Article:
Wyoming Seminary Players To Present ‘The Laramie Project’ May 2 and 3

The dialogue is current, the setting is well known and the issue is still on the forefront of everyday discourse: how should our society cope with violence, hate and hate crimes and how can these issues be resolved? These are the topics that the Wyoming Seminary Players will consider when they present the highly regarded play “The Laramie Project” on Friday and Saturday, May 2 and 3 in the Buckingham Performing Arts Center on North Sprague Avenue in Kingston.

The production, beginning at 8 p. m., is open to the public. Tickets are $4 in advance and $5 at the door.

“The Laramie Project,” written by Moisés Kaufman and members of the Tectonic Theater Project, premiered at the Ricketson Theater in Denver in February, 2000 and is frequently performed throughout the United States and the United Kingdom. The play is based on hundreds of interviews with residents of Laramie, Wyoming, following the 1998 torture and death of Matthew Shepard at the hands of two local men. Shepard, a gay college student, was 21 years old when he was kidnapped, beaten, tied to a fence on the outskirts of Laramie and left to die in the cold. Many people considered the murder to be a hate crime, and Shepard’s death helped highlight the lack of hate crime laws throughout the United States. The play features 13 actors who represent more than 60 characters presenting their opinions, observations and actions regarding the Shepard case.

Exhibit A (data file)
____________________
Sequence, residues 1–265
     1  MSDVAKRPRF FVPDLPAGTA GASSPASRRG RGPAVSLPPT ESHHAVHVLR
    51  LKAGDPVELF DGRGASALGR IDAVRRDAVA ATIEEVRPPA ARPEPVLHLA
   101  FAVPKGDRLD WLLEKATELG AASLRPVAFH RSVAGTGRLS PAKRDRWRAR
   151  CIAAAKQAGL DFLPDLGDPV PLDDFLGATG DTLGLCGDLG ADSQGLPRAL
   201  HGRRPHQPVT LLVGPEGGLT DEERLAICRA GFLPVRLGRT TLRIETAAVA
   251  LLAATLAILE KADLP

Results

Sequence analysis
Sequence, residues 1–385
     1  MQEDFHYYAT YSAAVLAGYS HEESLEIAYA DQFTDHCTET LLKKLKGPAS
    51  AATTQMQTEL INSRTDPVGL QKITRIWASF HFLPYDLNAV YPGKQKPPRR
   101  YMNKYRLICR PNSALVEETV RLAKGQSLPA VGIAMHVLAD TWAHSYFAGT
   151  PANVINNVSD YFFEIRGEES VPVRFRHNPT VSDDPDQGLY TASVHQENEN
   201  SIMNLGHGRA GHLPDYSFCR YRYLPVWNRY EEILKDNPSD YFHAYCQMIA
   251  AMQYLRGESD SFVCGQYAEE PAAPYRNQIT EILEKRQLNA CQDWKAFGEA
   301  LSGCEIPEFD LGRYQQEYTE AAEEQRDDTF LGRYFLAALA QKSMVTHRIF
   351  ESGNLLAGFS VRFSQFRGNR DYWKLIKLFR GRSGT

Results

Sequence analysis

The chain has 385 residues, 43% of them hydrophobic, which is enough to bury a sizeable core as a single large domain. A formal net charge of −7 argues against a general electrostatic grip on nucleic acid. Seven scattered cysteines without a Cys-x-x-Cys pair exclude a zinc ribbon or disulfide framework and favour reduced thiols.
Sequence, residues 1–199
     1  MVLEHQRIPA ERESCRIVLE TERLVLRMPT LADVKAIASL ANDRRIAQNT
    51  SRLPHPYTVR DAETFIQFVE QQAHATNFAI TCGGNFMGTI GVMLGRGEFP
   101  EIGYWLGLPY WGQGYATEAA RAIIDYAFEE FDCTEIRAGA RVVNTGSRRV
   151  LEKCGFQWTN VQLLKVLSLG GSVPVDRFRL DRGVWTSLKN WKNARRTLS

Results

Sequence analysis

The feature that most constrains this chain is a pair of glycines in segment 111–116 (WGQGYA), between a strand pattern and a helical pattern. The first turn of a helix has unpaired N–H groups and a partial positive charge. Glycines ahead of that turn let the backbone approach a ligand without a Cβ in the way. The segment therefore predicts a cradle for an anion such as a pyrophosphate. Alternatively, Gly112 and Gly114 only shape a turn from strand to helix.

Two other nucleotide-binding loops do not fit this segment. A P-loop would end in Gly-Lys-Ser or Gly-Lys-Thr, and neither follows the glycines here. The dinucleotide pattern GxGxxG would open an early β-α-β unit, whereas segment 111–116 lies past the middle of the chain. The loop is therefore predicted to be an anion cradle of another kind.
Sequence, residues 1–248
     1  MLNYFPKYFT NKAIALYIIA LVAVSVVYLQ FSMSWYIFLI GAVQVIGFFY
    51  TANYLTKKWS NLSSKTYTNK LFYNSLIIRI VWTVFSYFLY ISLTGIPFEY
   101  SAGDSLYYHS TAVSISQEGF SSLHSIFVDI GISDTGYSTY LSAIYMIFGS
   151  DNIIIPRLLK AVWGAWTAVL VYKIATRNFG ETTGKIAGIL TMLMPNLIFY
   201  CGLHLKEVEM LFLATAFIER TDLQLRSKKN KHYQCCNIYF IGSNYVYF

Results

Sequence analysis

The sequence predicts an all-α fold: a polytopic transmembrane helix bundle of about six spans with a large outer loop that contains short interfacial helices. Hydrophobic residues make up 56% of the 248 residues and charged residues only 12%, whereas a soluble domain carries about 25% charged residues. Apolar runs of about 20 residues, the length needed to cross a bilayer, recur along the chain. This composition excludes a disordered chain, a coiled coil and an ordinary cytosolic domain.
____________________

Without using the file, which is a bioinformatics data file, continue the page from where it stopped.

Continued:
Sem Theater Director John Hornung says he teaches the play in his Contemporary Drama class and it has always been a favorite with his students. There is something about the voices of real people that gets their attention and makes them want to discuss the issues that the play raises, he says.

“The play is about how a town

reacts to a violent crime. The residents of Laramie are asking, ‘does this define us? Is this who we really are? How did this even happen?’ One of the characters says that the killers must be ‘our most important teachers. What did we as a society do to teach you that?,’” Hornung says. “My hope is not that people walk out of the show feeling guilty, but that they walk out discussing the issues. My belief is that it is only through these discussions that we can hope to bring about change.”

Following the Friday and Saturday night performances, the cast members will offer the audience an opportunity to discuss the play and further explore the play’s issues.

This production is part of the 2013-14 Wyoming Seminary Performing Arts Series. For more information call 570-270-2192.